Creating a Kubuntu 9.04 USB Key.

As of this wrinting I'm unaware of a USB image for Kubuntu 9.04 so in order for me to install it on my CD Driveless Apire One, my options were to either get a USB DVD Drive or make my own USB memory stick installer. I chose the second option, and here's what I did to make it.


  • Obtain a USB Key with at least 700M free space.
  • Mount the drive
  • Copy the contents of the Kubuntu i386 CD to the drive.
  • Install the GRUB bootloader onto the USB Key.

These instructions are based on the user having access to a running Kubuntu desktop.

First we need something to copy to the USB key. This can come from either a CD image or a physical CD. If your using a CD image, go straight to Step 1b.

Step 1a. - Do this if using a physical CD.

If your using a physical CD, insert in into you machine, and navigate to its contents with Dolphin.


Make sure that show hidden files is ticked.

You should see 13 Items on the CD.

You must have “Show hidden files” selected so that we copy the entire contents of the CD.

Select all the items and select "Copy"

Now onto Step 2.

Step 1b. - Do this if using a CD image.

Mounting a CD image to a folder.

There's two parts to mounting a CD image to a folder, one is the CD image, and the other is the folder to mount in to.

First, make a folder to mount the CD image to in your home directory.

Now we need to open a Konsole to execute a mount command. It has the following format.

sudo mount -o loop location-of-image-file folder-to-mount-to

For my system the command was

sudo mount -o loop kubuntu-9.04-desktop-i386.iso cd


Launch a Konsole session.

Execute the mount command.

Now that the image is mounted, you can navigate into the folder you mounted it to and copy the files from it as if you had inserted a physical CD into a CD drive.

Make sure that "Show Hidden files" is selected or you will miss files that are needed.

Select all the files, right click one, and select "Copy"

Now onto step 2.

Step 2 – Insert USB memory key and copy the files onto it.

Insert the USB key and navigate to it with Dolphin.


Right click a blank area and select "Paste 13 items"

If your copying to a FAT32 formatted USB key you'll see this pop up. Click "AutoSkip"

This will take a while. If you're copying to a USB key that's formatted to FAT32, then you'll see an error about creating symlinks. You can just press “AutoSkip” as these symlinks aren't required and the procedure will succeed without them.

Step 3 – Install GRUB onto the USB key.

Now we need to install GRUB onto the memory key which is done with the grub-install command. Before we install GRUB, we have to find out two things from the system and they are:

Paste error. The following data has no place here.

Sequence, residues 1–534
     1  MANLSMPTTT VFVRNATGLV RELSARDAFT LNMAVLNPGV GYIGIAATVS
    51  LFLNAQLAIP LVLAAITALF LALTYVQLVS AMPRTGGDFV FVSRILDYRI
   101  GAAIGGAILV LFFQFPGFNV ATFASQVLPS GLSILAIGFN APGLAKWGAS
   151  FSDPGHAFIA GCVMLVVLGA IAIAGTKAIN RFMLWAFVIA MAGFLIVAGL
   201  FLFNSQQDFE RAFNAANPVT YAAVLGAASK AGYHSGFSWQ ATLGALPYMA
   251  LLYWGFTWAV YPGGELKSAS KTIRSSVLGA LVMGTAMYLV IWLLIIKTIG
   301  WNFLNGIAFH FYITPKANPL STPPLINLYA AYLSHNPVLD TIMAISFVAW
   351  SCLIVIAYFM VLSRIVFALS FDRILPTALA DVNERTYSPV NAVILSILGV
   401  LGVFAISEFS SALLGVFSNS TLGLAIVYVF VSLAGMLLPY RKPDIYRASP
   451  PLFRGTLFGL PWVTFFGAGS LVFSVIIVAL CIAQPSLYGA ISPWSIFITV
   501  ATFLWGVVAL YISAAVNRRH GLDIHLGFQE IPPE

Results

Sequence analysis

1. The system device that represents the USB key, and
  2. The folder that the USB key is mounted to.

We'll need a command console to find these things out so launch one.

Finding the system device that represents the USB key.

For this we use the dmesg command which should output something similar to this. From this example output we can see that in this case the device has been called sdd and because devices live in the /dev directory the full device name would be /dev/sdd. Your system may call your USB key something other than sdd.

From this we can see that the USB key is device /dev/sdd

Finding the folder that the USB key is mounted to.

To do this we use the mount command.



From this we can see the device is mounted on the /media/USB-Key directory.

So now we know the device is called /dev/sdd and it's mounted on /media/USB-Key so the command to install GRUB onto it would look like:

sudo grub-install –root-directory=/media/USB-Key /dev/sdd


The output of the grub-install command.

Once the grub-install command is finished, there should be a boot folder in the USB key.

There should now be a boot folder created by grub-installer.

Navigate to the grub folder that's inside the boot folder with Dolphin and follow these steps.

Create a text file

Call the text file menu.lst

Note: That's menu.lst as in list, not menu.1st as in first!!!!

Click the empty text file and kate should start.

The Kate text editor showing blank content.

Copy and paste the following text into the file and save it.

# menu.lst - Customized for Kubuntu Live Desktop 6.06
# MJW 8 Jul 2006

default 0
timeout 3
color white/blue yellow/blue

title Kubuntu Live Desktop (Persistent)
root (hd0,0)
kernel /casper/vmlinuz boot=casper persistent ramdisk_size=1048576 root=/dev/ram rw quiet splash--
initrd /casper/initrd.gz

title Kubuntu Live Desktop
root (hd0,0)
kernel /casper/vmlinuz boot=casper ramdisk_size=1048576 root=/dev/ram rw quiet splash--
initrd /casper/initrd.gz

title Kubuntu Live Desktop (Safe Graphics Mode, Verbose Startup)
root (hd0,0)
kernel /casper/vmlinuz boot=casper xforcevesa ramdisk_size=1048576 root=/dev/ram rw --
initrd /casper/initrd.gz

title Memory Test
root (hd0,0)
kernel /install/mt86plus


Save the file.

Safely remove the USB key and try to boot from it.

And that's all there is to it. Happy Kubunting.

Copyright (c) 2009 Greg Newsome all rights reserved.